At the center of Rossio the 89’ tall statue of Dom Pedro IV, maybe. As the story goes, it might just be a statue of the Emperor Maximillian of Mexico. In 1870 a ship with the statue was docked in Lisbon when Maximillian was assassinated by the forces of Benito Juarez in 1867. The Portuguese had also ordered the statue of Dom Pedro IV from the same French sculptor who made the likeness of Maximillian, and since there was already a perfectly good statue in the harbor why spend the extra money to complete another?

The Baixa, the old merchants district wiped out by the tidal wave that came crashing onto the city after the 1755 quake, was rebuilt with much wider streets, really wide streets for the 18th century. Even the King questioned Pombal as to why they needed to be so wide. Pombal just replied, “Someday they’ll be too small.” He was right. By today’s standard they are pretty narrow.

The names of the streets still relate the old guild professions, Rua da Prata (Silversmiths’ Street), Rua dos Sapateiros (Shoemakers’ Street) and Rua do Ouro (Goldsmiths’ Street). You can still buy gold on the Goldmaker’s Street, or silver on the Silvermaker’s street. Of course you can by gold and silver of the street of the cod fishermen too. It is, after-all, one of the main shopping areas of the central city.

The buildings of the Baixa are first seismically designed buildings in the world. Pombal had troops of soldiers march on loose floorboards around the small wooden models of the building to check out the design. The models withstood a lot of vibration without tumbling over. Fortunately, the buildings that came from the models have never been tested by another earthquake. There hasn’t been another one since 1755.

We walked down the cobblestoned, pedestrian only, Rua Augusta through the Victory Arch into the Comercio square, the prequake home of the Royal Palace. This stretch on Rua Augusts from Comercio Square up through the Rossio is the best place for people watching entertainment, day and night.

On our first night there, every few hundred feet we saw another street musician or band. The styles varried from Brazilian funk, to Fado, to a father and son accordion team, to the Peruvian pan pipe bands, to a Marvin Gaye impersonator to  new age inverted steel drums, to folk singers and even a strange turbaned man who stands in wheelbarrow with a megaphone to his lips chanting out some strange Moorish incantations. Maybe we just got lucky because there was a big concert in Comercio Square kicking off Lisbon’s annual Ocean’s Festival.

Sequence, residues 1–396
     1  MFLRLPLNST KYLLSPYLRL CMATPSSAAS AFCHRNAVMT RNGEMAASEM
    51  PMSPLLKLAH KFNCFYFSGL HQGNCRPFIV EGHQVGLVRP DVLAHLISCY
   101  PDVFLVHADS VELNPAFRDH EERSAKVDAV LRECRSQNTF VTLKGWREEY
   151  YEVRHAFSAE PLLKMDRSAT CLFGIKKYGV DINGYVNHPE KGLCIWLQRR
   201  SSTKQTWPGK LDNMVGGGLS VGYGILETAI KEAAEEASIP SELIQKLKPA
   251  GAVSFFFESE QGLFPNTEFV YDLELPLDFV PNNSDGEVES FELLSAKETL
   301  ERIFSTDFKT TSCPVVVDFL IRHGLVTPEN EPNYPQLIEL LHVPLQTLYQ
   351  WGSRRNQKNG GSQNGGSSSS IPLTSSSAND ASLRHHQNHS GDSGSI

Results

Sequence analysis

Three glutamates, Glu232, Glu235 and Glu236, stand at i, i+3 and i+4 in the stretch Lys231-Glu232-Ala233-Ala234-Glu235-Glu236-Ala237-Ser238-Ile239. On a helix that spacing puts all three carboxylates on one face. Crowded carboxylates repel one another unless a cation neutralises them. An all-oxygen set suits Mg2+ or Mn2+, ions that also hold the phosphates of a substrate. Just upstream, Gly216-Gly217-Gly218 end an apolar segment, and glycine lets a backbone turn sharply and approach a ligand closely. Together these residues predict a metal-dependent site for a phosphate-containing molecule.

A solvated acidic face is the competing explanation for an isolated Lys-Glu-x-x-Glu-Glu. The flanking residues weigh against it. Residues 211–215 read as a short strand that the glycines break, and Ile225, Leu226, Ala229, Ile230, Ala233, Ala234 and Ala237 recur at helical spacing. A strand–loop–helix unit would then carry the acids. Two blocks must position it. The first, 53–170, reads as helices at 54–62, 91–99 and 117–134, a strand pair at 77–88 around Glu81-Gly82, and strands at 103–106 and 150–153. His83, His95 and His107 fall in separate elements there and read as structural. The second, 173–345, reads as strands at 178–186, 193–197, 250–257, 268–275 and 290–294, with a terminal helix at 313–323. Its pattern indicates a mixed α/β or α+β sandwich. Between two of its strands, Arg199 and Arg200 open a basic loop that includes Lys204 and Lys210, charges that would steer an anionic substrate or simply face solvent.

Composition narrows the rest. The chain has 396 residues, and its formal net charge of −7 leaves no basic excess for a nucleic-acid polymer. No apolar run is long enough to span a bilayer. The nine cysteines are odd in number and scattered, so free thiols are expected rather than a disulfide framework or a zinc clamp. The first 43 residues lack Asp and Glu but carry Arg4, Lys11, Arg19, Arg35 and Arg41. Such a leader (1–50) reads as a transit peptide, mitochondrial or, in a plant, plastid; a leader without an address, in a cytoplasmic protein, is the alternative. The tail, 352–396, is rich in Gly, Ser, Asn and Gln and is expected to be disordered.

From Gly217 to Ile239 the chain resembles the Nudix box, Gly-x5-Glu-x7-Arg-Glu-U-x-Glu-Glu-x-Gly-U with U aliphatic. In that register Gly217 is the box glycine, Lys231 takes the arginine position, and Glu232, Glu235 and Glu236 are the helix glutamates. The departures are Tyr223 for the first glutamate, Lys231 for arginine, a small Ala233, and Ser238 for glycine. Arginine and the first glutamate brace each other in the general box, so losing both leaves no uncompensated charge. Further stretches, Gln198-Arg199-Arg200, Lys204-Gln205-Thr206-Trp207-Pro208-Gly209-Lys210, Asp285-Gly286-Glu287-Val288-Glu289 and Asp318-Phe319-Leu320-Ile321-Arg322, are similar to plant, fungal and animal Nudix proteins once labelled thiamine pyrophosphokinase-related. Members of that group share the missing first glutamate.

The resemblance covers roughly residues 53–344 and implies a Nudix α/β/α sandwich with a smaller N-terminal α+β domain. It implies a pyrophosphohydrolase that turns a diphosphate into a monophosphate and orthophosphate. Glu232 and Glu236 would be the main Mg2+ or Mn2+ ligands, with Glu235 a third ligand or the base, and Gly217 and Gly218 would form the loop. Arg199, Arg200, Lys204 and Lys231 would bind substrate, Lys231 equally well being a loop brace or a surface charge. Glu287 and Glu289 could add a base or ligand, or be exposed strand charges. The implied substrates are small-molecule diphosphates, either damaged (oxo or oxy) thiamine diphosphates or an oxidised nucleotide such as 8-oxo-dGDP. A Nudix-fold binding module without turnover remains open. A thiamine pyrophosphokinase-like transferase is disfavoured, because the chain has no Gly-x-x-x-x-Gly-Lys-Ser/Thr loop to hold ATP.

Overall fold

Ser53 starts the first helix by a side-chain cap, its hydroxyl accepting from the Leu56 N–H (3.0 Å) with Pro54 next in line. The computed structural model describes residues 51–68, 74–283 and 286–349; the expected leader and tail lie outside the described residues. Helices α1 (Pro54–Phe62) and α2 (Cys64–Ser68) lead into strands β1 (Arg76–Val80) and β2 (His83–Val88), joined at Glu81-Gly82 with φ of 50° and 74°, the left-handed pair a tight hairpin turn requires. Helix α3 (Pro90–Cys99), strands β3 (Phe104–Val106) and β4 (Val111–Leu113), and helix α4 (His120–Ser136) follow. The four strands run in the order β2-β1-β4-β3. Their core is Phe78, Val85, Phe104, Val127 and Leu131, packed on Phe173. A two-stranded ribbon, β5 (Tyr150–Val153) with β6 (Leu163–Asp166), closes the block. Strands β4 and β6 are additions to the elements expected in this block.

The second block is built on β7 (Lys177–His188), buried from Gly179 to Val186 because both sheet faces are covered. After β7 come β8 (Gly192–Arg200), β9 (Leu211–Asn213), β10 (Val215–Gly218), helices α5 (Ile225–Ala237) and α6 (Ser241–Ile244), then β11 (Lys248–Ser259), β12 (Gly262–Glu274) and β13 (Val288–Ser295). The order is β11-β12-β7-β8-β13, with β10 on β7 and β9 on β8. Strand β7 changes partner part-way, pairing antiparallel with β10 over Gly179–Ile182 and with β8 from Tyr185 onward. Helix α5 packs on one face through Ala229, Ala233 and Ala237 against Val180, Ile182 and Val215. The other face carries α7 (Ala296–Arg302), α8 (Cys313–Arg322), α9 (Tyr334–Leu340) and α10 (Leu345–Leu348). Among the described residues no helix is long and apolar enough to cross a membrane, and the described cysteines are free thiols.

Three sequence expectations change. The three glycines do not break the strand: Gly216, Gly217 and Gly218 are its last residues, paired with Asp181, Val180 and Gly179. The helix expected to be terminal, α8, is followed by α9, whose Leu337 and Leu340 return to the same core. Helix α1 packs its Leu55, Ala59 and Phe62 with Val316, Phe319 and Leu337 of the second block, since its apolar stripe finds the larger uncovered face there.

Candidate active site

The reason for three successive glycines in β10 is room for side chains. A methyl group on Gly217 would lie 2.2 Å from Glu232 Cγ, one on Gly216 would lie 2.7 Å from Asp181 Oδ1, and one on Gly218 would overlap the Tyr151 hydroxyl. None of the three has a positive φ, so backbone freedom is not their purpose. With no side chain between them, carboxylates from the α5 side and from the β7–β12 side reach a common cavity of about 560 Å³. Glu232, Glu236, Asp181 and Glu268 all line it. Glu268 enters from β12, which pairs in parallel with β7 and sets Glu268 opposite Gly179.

The crowds are fascinating. There are the tourists, of course, from all over the world and the Lisboans, also from all over the world. When life got bad in the Portuguese colonies, the colonies immigrated to the motherland and these days the city is a melting pot of Brazilians, East Africans from Mozambique, West Africans from Cape Verde, Indians from Goa, Indonesians from East Timor and Chinese from Macao.

We caught the opening act of the concert, a band named Seda that played Portuguese hits from the 80’s but the crowds were too intense. We went back to the Rua Augusta which was just perfect for our tastes.

For years the crafts tables under the portico of the Victory Arch at the end of Rua Augusta have been known as the “Mercato dos Hippies”. It’s basically a small crafts market and everything is hand made. We were really excited to find some clay canarios, little birds that chirp like canaries when you fill them up with water. We look for these little birds wherever we travel and so far we’ve only found them in Zamora Spain, Aphrodisias Turkey and here in Lisbon. I can’t say we’re canario collectors but we have bought them wherever we find them.

From the river we walked up towards the Castel Sao Jorge and stopped into the Sé (Grand Cathedral) to see the wedding inside. Hey, it’s always good luck to see a wedding.
Lisbon’s Cathedral used to contain the relics of St Vincent but they mysteriously disappeared during the 1755 quake. However, the coffin the Saint is still somewhere inside and the pair of ravens kept within the cathedral grounds are supposed to be descended from the same birds which, according to the legend, miraculously guided the Saint’s boat to the city.

Allegedly, when Alfonso I, the first King of Portugal got word that Saint Vincent was buried in the Algarve, he sent an exploration to find it in 1173. The expedition was able to find the Saint by the ravens circling over the burial site. Ever since 1173, the seal of the city has been a boat with 2 ravens, commemorating the voyage.

Upward we climbed the hill to the Castello de Sao Jorge (Castle Saint George), dodging all the small electric Streetcars that are so emblematic to this city.

Sao Jorge was the original location of the city, used by Romans, Visigoths, Moors, and finally taken by the first Portuguese King Alfonso Henriques in 1147. We were here in 1995 and we remember the panoramic view of the city but we never remember going into the Castle. Maybe it wasn’t open for tourists back then. Maybe we were so blown away by the view we just never looked to our right to see the entrance. Anyway, we got it right this time.

The walk is so peaceful and the towers and ramparts of the Castle are in really good shape. There are a few museum exhibits from the digs on the grounds going back to the 10th and 11th centuries, a few musicians and a camera obscura. This is the second one we’ve seen on this trip. Camera Obscuras are a unique way to see the city. Its a 360° view with a guide explaning what you’re looking at.